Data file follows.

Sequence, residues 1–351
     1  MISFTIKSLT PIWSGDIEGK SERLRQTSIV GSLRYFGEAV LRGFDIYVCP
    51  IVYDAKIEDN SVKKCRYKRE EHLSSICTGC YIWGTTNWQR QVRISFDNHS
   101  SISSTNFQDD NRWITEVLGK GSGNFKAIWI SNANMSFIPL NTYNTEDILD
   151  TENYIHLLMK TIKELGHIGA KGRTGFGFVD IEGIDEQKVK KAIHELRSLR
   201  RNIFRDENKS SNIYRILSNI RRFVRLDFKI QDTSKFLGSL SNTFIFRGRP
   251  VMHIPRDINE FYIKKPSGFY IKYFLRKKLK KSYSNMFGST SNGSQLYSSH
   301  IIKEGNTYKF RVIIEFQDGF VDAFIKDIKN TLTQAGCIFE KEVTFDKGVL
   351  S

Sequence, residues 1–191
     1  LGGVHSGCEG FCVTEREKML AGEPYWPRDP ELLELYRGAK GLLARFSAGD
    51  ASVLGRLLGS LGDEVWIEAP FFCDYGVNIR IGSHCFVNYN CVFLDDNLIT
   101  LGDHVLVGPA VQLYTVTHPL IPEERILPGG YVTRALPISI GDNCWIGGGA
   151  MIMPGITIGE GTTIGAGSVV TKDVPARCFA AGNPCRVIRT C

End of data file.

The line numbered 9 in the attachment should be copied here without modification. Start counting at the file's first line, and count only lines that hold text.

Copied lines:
   351  S